Lifestyle Environment 16 Apr 2019 Pollution threatens ...

Pollution threatens marine life of Caspian Sea

AFP
Published Apr 16, 2019, 3:36 pm IST
Updated Apr 16, 2019, 4:20 pm IST
Seals, caviar and oil: the Caspian Sea threatened by pollution.
Caspian Sea suffers from a huge pollution load from the extraction and refining of oil. (Photo: AFP)
 Caspian Sea suffers from a huge pollution load from the extraction and refining of oil. (Photo: AFP)

Caspian: Small seals on the shores of Baku Bay: this show is no more than a childhood memory for the natives of the capital of Azerbaijan, as a result of pollution and climate change affecting the Caspian Sea.

Hunted intensely until recently, this mammal now suffers mainly from industrial pollution, which makes it particularly sterile.

 

Small seals on the shores of Baku Bay: this show is no more than a childhood memory for the natives of the capital of Azerbaijan, as a result of pollution and climate change affecting the Caspian Sea.

This closed sea counted at the beginning of the 20th century a million Caspian seals (Pusa caspica). Today, less than 10% remain and this species is considered "endangered" by the International Union for the Conservation of Nature (IUCN).

Hunted intensely until recently, this mammal now suffers mainly from industrial pollution, which makes it particularly sterile.

Azer Garayev, president of the ASPA animal welfare association, still remembers hundreds of dead bodies discovered during a mission more than 15 years ago. Since then, "nobody has dealt with this problem," sighs the 57-year-old activist.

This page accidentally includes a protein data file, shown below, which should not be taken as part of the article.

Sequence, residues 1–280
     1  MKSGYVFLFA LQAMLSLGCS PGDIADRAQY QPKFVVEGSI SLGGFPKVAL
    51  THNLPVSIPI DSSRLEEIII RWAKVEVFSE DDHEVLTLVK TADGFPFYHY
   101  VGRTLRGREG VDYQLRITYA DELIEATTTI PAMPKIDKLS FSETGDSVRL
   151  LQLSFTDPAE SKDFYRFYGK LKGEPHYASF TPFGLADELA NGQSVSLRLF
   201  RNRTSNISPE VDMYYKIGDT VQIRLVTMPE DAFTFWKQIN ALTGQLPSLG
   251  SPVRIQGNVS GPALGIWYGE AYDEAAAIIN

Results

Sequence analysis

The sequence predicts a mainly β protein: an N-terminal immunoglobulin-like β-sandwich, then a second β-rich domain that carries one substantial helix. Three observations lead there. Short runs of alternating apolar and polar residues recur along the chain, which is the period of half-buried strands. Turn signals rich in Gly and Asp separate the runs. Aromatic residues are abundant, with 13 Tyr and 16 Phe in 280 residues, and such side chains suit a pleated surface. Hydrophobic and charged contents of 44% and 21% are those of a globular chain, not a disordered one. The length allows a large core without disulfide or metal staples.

For him, "the seal is an indicator of all major environmental problems" of the Caspian Sea, the largest closed sea in the world. Bordering Iran, Azerbaijan, Russia, Kazakhstan and Turkmenistan, it also shelters huge hydrocarbon reserves, exploited intensely since the 19th century.

Caspian waters are estimated to contain nearly 50 billion barrels of oil and 300 billion cubic meters of natural gas. Also a unique flora and fauna in the world that suffer from hydrocarbon-related activities as well as the sea level decline caused by global warming.

According to the United Nations Environment Program, the Caspian Sea "suffers from a huge pollution load from the extraction and refining of oil, offshore oil fields, radioactive waste from nuclear power plants, and huge volumes of untreated wastewater and industrial waste introduced mainly by the Volga River".

A few kilometres from downtown Baku, fishermen are waiting for fish at the edge of the coastal road. In the water, small drops of oil regularly appear, spreading in streaks with multicoloured reflections.

"Some fish seem to prefer polluted water, so they tend to congregate here," said Rachad, 26, a small cap screwed on his head, acknowledging: "The water is dirty". A plastic bag caught in his hook.

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